This is social critique with high kicks and harmonies.
The Age

“Assassins was assured and imaginative, selling out its Melbourne season and is due to tour regional Victoria in October.” The Age (Feb 2014).

This production, by new company Watch This, captures the bizarre nature of the characters and the wry humour, political satire and moral commentary of the script… In a compelling, abstract world, killers from different time periods collide, sing about their obsessions, explain their motives through monologues, scenes and songs, including the poignant November 22, 1963, in which people recall where they were when Kennedy was shot.
Nadine Garner’s bold, comic characterisation of failed assassin, Sara Jane Moore, is hilarious, and her comic timing and delivery are deliciously wicked.
Luigi Lucente gives a compassionate, complex portrayal of Leon Czolgosz, the downtrodden factory worker who kills President McKinley as a political statement. The Herald Sun

Weidman’s book sparkles like it was written yesterday, but the showpiece here really is Sondheim’s score. Twenty-three years after its off-Broadway debut, it still packs a mean punch… Nick Simpson-Deeks as The Balladeer — who has possibly the prettiest voice in musical theatre — gets the best material in the show, sharing The Ballad of Booth and The Ballad of Guiteau with the respective assassins, and busts out his masterful acting chops in his eleven-o-clock transformation into Lee Harvey Oswald.
Nadine Garner as the manic, gangly Sarah Jane Moore is phenomenal. Her brilliantly bizarre line readings and switchblade-sharp timing are as good as anything on a Broadway stage. Aaron Tsindos as Charles Guiteau, is marvellous. You can’t take your eyes off his demented, egomanical, smiley-faced soft-shoe. Matt Holly is heartbreakingly good as John Hinckley, Jr. The cast are — for the most part — stellar… Shane Nagle as Samuel Byck delivers an incredible performance… The reveal of entirely different set pieces and a backdrop — the raw, window-laden wall of the space itself — towards the end of the show is brilliant… This is the first professional production of the show since the Melbourne Theatre Company did it in 1995; don’t wait 18 years for another one.
Crikey

Mark Dickinson’s portrayal of John Wilkes Booth struck the perfect note between hilarity and tragic irony. Vocally he was powerful. He inhabited the role of the vain actor so completely that the audience felt as if they were living within the character. The duet, The Ballad of Booth, performed by Dickinson and Nick Simpson-Deeks, as the balladeer, was impeccable…Aaron Tsindos gave a brilliant performance as Charles Guiteau, endearing all the way to the gallows. Again Simpson-Deeks was called upon to chronicle the demise of Guiteau as the balladeer creating the second stand out number of the evening. Nadine Garner proved she has great skill as a comedic theatre performer with possibly the best part of the book, Sarah Jane Moore. She wonderfully brought to life a sad and forgotten housewife whom it was impossible for the audience not to love. Her comic timing was impeccable. And while we’re on the topic of impeccable comic timing, Shane Nagle rates a special mention. As a struggling Santa Claus and would be Nixon assassin, Nagle delivered his monologues with such pathos that you almost found yourself rooting for him to succeed in his plot… The set design was interesting- a carnival like environment artfully created with a shooting gallery of men in suits with targets for head, representing each president… Assassins is well worth the cost of admission to see the performances from the entire ensemble who managed to fully entertain for the duration. Stage Whispers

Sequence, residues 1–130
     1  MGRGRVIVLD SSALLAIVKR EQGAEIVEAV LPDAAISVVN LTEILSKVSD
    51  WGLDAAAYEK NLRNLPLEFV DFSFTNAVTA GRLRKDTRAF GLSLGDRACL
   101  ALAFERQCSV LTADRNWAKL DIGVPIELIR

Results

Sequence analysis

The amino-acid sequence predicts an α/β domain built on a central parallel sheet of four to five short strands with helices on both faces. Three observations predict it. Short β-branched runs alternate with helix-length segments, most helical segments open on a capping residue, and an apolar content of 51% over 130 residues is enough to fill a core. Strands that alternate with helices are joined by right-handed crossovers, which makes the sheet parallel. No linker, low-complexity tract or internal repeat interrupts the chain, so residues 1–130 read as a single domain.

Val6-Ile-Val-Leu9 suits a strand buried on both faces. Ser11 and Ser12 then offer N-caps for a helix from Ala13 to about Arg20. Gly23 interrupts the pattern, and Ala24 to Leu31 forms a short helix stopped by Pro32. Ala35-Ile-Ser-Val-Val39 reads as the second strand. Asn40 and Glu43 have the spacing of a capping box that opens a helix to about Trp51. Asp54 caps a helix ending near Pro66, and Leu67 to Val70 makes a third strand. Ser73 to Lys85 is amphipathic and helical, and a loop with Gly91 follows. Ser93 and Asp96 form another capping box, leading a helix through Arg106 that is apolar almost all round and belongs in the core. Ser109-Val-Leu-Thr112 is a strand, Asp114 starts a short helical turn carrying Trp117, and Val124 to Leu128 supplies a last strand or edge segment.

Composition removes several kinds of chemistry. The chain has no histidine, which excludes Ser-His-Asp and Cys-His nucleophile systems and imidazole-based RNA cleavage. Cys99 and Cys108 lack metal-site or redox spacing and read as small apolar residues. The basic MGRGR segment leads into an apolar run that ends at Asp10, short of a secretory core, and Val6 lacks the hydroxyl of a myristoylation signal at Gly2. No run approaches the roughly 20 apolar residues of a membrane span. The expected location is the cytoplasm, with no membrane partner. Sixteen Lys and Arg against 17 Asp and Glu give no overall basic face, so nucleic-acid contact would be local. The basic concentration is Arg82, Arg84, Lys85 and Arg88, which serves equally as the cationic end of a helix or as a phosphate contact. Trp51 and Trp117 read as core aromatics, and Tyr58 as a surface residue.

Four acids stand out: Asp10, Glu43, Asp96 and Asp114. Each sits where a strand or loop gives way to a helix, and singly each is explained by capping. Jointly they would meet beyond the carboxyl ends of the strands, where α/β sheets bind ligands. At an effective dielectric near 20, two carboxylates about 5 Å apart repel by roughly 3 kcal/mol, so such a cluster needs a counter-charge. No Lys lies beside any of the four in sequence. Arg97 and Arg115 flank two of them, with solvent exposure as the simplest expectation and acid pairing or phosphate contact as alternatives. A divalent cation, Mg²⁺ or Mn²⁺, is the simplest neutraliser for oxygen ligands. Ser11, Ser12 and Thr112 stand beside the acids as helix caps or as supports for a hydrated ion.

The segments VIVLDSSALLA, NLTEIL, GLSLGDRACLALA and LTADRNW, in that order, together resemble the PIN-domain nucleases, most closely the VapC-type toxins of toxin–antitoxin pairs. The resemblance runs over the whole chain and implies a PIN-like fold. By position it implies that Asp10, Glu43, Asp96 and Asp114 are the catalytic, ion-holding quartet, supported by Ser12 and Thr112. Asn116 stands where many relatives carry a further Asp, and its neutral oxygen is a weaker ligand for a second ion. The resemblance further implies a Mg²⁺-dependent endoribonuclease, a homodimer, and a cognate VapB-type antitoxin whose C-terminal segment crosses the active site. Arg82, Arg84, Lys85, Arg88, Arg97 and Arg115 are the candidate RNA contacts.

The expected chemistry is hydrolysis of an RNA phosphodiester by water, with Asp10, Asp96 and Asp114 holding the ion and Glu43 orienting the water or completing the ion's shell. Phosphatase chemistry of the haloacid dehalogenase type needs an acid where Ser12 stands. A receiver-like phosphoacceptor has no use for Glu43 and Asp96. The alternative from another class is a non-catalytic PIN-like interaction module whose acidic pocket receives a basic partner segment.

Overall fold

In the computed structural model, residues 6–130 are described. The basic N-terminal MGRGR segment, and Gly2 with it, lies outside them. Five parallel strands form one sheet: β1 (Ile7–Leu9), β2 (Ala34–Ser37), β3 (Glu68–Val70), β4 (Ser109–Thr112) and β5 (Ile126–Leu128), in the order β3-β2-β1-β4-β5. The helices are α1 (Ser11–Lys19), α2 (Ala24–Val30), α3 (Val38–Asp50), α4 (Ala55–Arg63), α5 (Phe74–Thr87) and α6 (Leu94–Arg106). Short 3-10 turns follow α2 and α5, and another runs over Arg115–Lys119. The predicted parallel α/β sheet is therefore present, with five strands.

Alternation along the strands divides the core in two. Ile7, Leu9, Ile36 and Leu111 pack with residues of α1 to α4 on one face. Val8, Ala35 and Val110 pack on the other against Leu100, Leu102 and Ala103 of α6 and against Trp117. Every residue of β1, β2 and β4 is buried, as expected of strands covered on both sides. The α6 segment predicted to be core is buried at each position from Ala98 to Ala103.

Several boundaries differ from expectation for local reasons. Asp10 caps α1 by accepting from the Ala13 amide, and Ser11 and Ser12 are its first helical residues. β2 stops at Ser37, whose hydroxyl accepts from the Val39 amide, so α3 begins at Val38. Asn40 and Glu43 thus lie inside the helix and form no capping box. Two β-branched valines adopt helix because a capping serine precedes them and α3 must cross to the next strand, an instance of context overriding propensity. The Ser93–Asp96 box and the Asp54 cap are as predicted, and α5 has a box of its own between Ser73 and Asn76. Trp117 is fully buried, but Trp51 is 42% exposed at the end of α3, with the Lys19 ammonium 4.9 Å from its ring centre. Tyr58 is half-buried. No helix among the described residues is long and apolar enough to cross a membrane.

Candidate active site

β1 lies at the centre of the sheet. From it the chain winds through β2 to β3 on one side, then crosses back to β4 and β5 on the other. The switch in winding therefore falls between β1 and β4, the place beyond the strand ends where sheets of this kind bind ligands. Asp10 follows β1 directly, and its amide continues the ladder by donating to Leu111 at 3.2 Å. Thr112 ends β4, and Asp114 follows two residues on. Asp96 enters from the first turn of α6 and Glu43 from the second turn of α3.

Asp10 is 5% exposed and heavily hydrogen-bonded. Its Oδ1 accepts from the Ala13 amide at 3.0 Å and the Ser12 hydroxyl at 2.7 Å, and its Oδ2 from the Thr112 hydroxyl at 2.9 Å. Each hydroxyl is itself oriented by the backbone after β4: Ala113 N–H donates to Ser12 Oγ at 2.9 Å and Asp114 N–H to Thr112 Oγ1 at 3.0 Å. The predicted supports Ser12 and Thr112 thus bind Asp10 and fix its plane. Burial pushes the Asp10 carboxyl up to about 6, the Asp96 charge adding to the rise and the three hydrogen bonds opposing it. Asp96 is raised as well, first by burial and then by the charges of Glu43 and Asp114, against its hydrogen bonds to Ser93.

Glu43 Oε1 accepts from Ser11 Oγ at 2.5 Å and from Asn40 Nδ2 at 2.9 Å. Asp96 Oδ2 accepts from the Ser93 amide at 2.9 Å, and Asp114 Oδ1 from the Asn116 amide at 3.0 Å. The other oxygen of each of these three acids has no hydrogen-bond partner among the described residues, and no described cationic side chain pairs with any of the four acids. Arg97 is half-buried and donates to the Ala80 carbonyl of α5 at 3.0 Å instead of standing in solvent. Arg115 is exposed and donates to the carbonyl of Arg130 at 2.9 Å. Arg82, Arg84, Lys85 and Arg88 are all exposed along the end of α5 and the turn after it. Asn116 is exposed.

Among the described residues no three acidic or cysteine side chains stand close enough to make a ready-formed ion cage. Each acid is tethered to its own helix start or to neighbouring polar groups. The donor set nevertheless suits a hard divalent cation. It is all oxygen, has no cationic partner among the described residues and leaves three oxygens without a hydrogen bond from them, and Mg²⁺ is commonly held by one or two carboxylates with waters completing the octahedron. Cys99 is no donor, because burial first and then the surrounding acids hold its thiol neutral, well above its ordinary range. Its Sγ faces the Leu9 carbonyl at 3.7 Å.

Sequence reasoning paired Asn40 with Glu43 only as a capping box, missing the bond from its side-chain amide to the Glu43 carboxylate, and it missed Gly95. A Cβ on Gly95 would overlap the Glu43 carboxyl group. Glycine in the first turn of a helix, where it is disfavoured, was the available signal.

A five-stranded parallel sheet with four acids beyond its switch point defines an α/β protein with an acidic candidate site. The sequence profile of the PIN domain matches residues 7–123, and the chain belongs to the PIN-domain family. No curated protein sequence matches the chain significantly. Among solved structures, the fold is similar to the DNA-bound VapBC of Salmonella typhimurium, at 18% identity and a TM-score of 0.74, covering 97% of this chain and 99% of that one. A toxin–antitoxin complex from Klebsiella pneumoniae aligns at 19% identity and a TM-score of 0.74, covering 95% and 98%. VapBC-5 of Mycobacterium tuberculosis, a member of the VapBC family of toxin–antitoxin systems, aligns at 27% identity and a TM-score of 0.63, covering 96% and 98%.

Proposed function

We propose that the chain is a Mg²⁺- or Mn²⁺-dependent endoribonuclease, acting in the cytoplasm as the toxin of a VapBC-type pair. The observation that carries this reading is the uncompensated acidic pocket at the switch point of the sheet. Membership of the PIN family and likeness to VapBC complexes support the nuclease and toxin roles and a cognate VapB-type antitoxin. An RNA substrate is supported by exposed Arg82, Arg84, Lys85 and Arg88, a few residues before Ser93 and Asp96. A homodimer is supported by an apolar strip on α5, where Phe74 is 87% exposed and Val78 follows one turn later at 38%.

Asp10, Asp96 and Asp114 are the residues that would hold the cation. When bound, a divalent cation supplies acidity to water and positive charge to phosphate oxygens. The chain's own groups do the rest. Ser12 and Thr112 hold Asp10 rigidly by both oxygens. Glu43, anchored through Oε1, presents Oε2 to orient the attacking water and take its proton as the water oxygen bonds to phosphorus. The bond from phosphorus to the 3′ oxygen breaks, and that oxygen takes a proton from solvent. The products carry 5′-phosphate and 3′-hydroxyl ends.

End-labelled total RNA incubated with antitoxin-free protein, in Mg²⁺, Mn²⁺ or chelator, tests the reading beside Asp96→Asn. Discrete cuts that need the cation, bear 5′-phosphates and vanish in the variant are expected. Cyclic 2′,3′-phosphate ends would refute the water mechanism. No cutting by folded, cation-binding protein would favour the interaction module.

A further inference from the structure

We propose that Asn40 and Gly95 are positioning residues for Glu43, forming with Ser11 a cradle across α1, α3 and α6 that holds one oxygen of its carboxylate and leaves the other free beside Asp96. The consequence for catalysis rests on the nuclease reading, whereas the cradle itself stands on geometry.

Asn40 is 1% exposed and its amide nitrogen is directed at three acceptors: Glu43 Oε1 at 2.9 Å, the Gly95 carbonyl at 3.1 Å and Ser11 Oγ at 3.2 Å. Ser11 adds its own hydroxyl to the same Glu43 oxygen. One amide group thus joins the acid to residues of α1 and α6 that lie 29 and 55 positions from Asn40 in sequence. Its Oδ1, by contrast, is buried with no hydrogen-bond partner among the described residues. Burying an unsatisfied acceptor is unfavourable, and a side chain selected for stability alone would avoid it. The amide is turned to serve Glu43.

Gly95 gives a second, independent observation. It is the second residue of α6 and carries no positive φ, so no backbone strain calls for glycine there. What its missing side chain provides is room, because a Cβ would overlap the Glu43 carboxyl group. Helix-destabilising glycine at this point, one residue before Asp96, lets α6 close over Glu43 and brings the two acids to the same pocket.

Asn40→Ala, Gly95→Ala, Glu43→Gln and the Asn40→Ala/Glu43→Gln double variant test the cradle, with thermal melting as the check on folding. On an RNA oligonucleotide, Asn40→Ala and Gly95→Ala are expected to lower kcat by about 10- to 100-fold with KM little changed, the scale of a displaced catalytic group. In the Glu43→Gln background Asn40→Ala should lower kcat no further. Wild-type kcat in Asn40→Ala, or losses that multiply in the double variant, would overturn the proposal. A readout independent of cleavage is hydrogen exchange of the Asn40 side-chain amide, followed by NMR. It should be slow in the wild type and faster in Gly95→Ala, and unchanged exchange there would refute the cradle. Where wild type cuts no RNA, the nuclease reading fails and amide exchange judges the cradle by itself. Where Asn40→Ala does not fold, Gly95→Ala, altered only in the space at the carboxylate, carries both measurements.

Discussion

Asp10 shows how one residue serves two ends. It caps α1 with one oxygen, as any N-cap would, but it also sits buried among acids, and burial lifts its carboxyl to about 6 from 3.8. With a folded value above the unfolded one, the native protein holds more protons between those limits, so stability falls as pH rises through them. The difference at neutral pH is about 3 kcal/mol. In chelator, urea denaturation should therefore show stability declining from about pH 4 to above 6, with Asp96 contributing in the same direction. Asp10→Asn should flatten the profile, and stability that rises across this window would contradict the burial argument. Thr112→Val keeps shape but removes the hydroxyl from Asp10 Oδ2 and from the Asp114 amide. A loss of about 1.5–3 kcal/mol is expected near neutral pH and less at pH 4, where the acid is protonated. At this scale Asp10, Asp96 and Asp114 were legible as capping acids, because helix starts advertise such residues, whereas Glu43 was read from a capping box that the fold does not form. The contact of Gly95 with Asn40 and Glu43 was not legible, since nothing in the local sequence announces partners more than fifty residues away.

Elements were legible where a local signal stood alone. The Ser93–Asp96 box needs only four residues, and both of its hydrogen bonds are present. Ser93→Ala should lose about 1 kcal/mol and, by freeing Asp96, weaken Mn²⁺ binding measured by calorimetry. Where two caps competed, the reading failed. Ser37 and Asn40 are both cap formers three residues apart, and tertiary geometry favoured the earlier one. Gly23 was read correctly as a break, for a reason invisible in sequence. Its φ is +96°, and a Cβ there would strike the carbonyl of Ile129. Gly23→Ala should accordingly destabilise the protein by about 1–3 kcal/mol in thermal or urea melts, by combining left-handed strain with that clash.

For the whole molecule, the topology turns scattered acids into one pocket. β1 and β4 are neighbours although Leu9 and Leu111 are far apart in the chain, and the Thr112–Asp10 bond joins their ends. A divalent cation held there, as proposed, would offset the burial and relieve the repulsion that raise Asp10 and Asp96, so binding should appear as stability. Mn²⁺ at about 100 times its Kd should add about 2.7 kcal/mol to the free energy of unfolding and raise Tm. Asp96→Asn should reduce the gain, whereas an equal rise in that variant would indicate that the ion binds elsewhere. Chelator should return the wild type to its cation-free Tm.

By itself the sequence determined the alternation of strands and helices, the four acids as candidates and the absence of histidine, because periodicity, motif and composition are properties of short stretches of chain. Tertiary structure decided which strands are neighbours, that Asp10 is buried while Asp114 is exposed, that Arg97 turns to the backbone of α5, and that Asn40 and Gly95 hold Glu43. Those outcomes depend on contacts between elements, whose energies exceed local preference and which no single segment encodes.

‘Everybody’s got the right to their dreams!’ With these deceivingly sunny words we are drawn into the grim world of Stephen Sondheim’s Assassins, a dark twisted carnival in which the murderers of history exist in a fantastical purgatory… Mark Dickinson as John Wilkes Booth brings a sonorous baritone and combination of Southern and Satanic charm to the role, quietly commanding every scene he enters. Nadine Garner is pitch perfect as Sarah Jane Moore, one of the two ladies who attempted to kill Gerald Ford, and her scenes with Sonya Suares as Lynette Fromme are a comic delight. The rest of the cast deliver solid performances… Director Tyran Parke is to be commended for his direction of the show, and his vision shines through strongly in the assassins’ individual songs and scenes … Parke and the cast do a fantastic job of humanising the characters and mining the comedic potential of the material.Theatre Press.

Tyran finished off 2012 with a season with Sport for Jove performing in three Shakespeare productions in repertory; Twelfth Night, Comedy of Errors and The Tempest. All three productions played outdoor and all to spectacular responses;